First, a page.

Time and the Word:
Figural Reading of the Christian Scriptures

by ephraim radner
eerdmans, 326 pages, $50

Moderns are accustomed to taking premodern interpretations of the Bible to be products of a bygone time, when outmoded worldviews permitted naive, anachronistic interpretations of scriptural texts. On this view, it is only by an extreme tendentiousness, a blinkered approach to reality, that one may understand the words of an Israelite prophet to refer, for example, to the Virgin Mary or the suppression of Christian heretics. Postmodernism has softened this judgment a little, prompting some to appreciate the verbal sophistication and literary imagination typical of figural reading of Scripture. Yet the condescension, though subtler here, remains.

In Time and the Word, Ephraim Radner, one of our leading theologians, makes a new case for an old practice: figural reading of the Bible. To read the Bible figurally is to read it as a single, coherent text whose words refer not only to an original context but also to things that may be quite distant in both time and historical situation. Examples of figural reading include the rabbinic application of Song of Songs to the relation between God and Israel; another example is the traditional identification of the Servant Songs in Isaiah with the passion of Christ. In both cases, parts of Scripture are integrated into what Hans Frei called “a single cumulative and complex pattern of meaning.”

In one sense, Radner’s program is not new. In the mid-twentieth century, Hans Urs von Balthasar and Henri de Lubac made influential cases for a return to patristic and medieval modes of figural exegesis. It was the “Yale School,” however, that exercised a stronger and more immediate influence on Radner, who introduces this book with personal recollections of the American, Protestant wing of ressourcement represented by George Lindbeck, Hans Frei, and Brevard Childs. Yet Radner goes farther than his teachers. Not only does he defend the legitimacy of figural reading; he also calls for a contemporary return to the theological perspectives and modes of reading identified with traditional Christian figuralism.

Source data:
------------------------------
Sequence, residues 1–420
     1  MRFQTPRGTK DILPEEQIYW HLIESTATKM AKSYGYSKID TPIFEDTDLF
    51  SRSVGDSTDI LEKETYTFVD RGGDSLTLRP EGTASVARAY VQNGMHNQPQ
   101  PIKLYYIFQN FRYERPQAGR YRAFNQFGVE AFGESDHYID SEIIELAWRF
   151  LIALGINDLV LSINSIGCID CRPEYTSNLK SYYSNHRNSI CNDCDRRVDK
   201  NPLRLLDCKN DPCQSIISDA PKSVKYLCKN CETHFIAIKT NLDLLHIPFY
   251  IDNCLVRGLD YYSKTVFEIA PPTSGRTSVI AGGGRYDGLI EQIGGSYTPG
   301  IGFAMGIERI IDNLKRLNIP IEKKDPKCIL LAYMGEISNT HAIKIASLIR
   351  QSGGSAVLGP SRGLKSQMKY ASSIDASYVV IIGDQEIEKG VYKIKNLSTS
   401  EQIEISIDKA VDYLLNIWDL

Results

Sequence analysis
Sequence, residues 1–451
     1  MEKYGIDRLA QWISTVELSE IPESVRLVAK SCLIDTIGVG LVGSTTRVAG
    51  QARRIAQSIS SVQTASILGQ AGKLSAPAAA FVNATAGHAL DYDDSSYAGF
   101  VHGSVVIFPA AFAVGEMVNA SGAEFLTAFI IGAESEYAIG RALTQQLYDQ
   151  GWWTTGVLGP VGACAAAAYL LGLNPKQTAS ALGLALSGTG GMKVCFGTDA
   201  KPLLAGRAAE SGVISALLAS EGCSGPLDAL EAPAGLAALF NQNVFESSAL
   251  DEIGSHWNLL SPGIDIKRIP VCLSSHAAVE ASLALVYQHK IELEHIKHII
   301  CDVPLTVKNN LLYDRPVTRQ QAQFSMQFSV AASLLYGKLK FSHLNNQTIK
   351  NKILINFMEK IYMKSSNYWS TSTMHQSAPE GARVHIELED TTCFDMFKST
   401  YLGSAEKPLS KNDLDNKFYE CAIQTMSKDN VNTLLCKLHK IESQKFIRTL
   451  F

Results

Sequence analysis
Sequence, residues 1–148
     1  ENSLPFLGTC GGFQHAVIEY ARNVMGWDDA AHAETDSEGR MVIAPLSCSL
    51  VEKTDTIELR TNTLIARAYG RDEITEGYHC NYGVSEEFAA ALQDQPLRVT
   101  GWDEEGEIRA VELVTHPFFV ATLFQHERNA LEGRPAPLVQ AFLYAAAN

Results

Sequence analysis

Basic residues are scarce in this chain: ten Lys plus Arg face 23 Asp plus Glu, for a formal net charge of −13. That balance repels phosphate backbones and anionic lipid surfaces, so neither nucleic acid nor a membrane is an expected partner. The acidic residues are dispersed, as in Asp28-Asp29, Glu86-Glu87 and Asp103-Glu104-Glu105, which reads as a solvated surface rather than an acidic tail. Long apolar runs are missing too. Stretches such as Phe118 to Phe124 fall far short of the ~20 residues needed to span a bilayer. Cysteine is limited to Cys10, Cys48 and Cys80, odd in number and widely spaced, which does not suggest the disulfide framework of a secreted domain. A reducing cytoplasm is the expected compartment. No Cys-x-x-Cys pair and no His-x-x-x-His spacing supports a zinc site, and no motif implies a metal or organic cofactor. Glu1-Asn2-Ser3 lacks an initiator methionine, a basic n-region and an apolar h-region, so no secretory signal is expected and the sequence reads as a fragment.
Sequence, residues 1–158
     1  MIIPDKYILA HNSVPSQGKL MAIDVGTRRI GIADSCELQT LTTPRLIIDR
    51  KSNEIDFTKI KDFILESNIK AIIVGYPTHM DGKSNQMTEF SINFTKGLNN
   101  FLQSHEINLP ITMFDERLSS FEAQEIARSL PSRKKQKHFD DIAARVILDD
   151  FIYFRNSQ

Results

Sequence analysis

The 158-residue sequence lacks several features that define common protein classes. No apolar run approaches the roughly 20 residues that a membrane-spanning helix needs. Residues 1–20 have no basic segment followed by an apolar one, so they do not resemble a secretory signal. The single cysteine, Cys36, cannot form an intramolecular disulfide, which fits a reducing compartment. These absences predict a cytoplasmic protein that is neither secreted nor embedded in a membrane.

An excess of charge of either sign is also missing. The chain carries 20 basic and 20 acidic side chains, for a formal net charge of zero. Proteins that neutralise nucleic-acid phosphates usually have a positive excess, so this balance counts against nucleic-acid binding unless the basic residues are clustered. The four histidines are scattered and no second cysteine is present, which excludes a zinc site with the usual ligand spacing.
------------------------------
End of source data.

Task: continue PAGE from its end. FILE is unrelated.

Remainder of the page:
Figural reading of the Bible has gone by many names: allegory, typological reading, the discernment of the spiritual sense. In the familiar scheme of medieval interpreters, figural reading enclosed four distinct levels of meaning: literal, tropological, anagogical, and allegorical. Radner’s burden is to show that, far from being a practice limited to the likes of Origen, Augustine, and Wycliffe, figural reading endured as an essential feature of Christian thought among early modern interpreters (Puritans) and flourishes in contemporary churches as well (Pentecostals).

One of Radner’s central arguments, then, is that figural reading is very much a universal practice identifiable with the Christian Church wherever and whenever it has existed. (Indeed, Radner even sees Jewish figuralism as “converging” with the Christian.) That figural reading has atrophied in the last two hundred years is not to be explained by its actual deficiencies but rather by Christians’ failure to understand what figural reading truly involves.

Radner defines figural reading as “reading the Bible’s referents as a host of living beings—and not only human ones—who draw us, as readers, from one set of referents or beings to another, across times and spaces.” In other words, figural reading recognizes the Bible as true precisely by refusing to understand it simply as a book about the past. Despite the Bible’s historical character, that to which the Bible refers is not dead and remote but present and alive. There is thus no rupture between the biblical past and the reader’s own day and time, still less a disjuncture between the world of the Bible and the reality in which readers live.